Peace, and the Rich Fool

In the Name of the Father and of the Son and of the Holy Spirit. 


For He is our peace, Who has made us both one.

   Jesus Himself took on our flesh, and in His circumcision he became a Jew; and in His death on the Cross he took upon Himself the curse of our mortality and became as One outside the law, as One Whom the law condemned, that He might unite all mankind in Himself, both Jew and Greek. And He didn’t just change us so that we might be new and improved Jews; He created us a new man, breaking the fragmentation that divides us from God, and from each other — not just bringing the enmity to and end, but KILLING IT.

   And He proclaimed Peace to those who were far off and Peace to those who were near. We see this even in His Nativity, where it is announced by the angels to the shepherds — those near, and by a star to those who came from a distant land.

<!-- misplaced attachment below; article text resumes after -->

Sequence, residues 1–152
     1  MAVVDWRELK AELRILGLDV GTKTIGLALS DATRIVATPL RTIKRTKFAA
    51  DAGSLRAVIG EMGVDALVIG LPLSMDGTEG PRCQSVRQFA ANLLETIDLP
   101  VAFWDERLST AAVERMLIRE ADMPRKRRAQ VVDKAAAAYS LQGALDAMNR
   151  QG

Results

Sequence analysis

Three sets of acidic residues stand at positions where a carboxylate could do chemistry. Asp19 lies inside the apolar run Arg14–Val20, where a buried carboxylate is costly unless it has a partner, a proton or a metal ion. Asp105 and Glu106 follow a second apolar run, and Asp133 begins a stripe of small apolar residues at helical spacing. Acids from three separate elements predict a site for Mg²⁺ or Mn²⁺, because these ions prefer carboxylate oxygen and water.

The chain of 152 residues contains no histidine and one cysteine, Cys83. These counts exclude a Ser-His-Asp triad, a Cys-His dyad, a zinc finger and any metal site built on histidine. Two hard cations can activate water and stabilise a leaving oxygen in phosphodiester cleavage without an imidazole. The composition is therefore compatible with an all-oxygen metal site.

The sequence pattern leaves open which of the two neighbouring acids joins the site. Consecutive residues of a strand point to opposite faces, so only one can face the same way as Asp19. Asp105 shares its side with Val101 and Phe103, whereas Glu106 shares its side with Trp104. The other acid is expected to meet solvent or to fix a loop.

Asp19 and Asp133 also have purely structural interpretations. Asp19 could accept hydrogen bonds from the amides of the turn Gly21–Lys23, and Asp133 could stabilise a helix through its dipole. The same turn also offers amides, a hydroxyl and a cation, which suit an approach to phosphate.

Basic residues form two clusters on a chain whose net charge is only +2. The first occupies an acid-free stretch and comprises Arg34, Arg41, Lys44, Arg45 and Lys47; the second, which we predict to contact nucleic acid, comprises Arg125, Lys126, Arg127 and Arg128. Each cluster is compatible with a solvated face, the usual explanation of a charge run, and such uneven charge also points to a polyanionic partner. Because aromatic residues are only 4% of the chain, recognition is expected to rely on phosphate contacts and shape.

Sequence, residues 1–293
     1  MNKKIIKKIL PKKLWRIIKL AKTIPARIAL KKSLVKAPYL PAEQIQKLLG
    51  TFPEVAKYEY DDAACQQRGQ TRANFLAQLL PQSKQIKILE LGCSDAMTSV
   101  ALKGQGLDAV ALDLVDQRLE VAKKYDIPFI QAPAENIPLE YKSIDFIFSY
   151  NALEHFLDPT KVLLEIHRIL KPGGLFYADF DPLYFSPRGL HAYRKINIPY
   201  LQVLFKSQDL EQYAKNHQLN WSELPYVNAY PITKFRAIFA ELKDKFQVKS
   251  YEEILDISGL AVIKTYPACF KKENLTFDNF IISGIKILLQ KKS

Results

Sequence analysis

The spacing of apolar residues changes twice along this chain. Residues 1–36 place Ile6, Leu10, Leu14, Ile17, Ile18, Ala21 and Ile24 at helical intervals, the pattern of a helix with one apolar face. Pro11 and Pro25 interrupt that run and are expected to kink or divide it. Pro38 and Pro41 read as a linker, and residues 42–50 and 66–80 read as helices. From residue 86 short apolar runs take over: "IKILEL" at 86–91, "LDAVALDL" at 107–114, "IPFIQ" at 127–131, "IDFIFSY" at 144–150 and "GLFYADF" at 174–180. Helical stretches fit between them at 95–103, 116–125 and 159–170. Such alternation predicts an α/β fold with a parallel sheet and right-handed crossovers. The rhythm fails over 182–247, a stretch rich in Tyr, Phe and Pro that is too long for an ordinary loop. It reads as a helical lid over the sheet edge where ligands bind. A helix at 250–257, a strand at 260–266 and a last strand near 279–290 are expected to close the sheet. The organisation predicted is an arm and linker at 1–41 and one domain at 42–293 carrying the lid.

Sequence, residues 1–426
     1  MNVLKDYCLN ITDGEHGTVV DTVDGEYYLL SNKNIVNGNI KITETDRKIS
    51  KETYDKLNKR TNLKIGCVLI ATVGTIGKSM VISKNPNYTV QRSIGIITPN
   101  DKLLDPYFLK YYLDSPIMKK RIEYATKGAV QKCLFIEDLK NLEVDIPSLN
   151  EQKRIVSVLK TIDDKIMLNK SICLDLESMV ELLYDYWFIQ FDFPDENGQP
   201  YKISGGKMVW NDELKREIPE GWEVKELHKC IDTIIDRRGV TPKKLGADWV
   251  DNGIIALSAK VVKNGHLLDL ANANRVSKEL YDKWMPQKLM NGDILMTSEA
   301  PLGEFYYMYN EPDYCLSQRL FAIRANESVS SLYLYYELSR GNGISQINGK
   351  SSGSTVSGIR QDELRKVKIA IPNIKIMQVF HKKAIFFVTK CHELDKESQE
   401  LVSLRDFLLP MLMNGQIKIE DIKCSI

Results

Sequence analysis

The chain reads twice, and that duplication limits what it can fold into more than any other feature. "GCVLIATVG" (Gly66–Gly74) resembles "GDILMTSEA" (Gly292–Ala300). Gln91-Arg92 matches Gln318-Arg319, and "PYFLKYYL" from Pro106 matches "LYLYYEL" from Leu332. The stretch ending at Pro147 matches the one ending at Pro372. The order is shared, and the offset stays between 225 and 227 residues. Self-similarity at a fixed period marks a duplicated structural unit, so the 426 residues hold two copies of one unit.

And we are made fellow citizens with the saints. We are being built into a holy temple in the Lord; a tabernacle, a dwelling place for the Holy Spirit. We are given citizenship in the Kingdom of God. We proclaim it in this Divine Service; we participate with it in communion; we live it in our day-to-day lives. 

   He is our peace, having made us one: Male — Female, Jew — Greek, English — Russian, White — Black … HE has made us one; reconciling us to God, making us Fellow-citizens of the Household of God. It spite of our differences, God has called us together to stand as members of His house as we worship Him together. He has called us to be His body through communion. We may get on each others’ nerves from time to time; but God is building us into a community of His Body, here in Silverdale, here in Central Kitsap County. not as another organization, but as an organism, a living, breathing microcosm of Christ’s Body; to incarnate His Body in our lives, and His ministry in our encounter with others. 

   And we do not figure all this out on our own by reading about it — our foundation of faith is in the Apostles and Prophets. The foundation is in both the Old and the New Covenant. We must be obedient to the teachings of Christ, the Apostles, and the Prophets. Those teachings are not easy to do; those teachings constantly challenge us to live a life of repentance.